“It’s death by a thousand cuts,” says Bryan Yarborough of Glass Doctor of Tampa Bay, discussing the latest National Auto Glass Specifications International Benchmark Fall Calculator. In the most recent calculator, 11 of the top 20 prices showed a decline.
“The price decline creep does have a slow and progressive negative impact on the insurance billing and average ticket,” says Yarborough. “This is definitely not a good thing. Just think … we are all experiencing inflation in the costs in our business yet the top 20 NAGS parts declined every year.”
Gregg Johnson of Novus Glass & Truck Accessories in Platteville, Wis., says his biggest problem with NAGS “is the way the insurance industry manipulates it.”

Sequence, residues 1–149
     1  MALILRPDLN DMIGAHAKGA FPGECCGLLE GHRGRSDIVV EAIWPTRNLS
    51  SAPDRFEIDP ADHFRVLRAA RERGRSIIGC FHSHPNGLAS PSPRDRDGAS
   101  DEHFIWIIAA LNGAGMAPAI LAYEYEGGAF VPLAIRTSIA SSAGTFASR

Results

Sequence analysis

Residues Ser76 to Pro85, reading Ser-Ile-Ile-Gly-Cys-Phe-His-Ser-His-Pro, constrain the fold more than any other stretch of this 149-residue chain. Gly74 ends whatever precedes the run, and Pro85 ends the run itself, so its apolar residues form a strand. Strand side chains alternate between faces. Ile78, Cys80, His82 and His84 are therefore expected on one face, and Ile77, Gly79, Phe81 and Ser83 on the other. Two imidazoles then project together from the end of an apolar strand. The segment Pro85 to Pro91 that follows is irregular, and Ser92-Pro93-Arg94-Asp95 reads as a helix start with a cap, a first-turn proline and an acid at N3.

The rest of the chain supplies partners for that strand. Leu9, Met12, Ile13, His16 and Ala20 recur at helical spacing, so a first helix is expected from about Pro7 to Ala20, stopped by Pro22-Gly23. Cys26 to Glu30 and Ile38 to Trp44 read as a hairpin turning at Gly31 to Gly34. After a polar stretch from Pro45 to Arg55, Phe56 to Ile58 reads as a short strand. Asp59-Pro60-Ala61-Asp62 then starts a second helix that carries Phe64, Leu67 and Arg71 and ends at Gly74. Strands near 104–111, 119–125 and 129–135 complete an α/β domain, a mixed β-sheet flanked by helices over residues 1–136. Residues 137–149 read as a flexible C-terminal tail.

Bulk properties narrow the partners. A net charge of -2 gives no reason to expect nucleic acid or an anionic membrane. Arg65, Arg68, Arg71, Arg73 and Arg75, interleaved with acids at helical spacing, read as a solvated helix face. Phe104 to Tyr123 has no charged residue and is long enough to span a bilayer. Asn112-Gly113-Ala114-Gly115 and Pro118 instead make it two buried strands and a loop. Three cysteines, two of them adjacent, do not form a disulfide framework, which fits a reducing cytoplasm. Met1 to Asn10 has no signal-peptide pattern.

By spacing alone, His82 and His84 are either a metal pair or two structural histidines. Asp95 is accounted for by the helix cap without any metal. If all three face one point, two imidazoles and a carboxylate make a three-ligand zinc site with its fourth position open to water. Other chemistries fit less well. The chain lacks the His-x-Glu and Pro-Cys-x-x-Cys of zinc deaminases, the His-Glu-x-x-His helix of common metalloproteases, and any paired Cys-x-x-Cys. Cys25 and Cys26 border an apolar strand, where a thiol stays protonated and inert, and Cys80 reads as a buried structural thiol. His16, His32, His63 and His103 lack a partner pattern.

“Are there still codes for mobile work, disposal and clean up? If yes, then why are we not able to bill for these items?” he asks.
“As far as pricing goes, how in the world can these items go up—fuel, insurance, wages, benefits, maintenance, taxes—but the NAGS price basically stays the same or lowers?” he questions.
Meanwhile, Michael Eby of Glass Doctor St. Louis & Kansas City, says, the latest calculator has not impacted his business.
“The decline in list prices in minimal,” he says. “For me, it’s a non-event.”
In response to industry feedback, Bud Oliver, director of product operations for NAGS/Mitchell International, says, “We have always stated that the NAGS benchmark price for glass is based on acquisition costs’ of glass only. We do not include fuel, labor, wages or overhead into the calculation of the NAGS glass benchmark. We do publish a labor time, and it is up to the shops to determine the labor rate they charge. The market ultimately determines the selling price of glass, labor and materials.”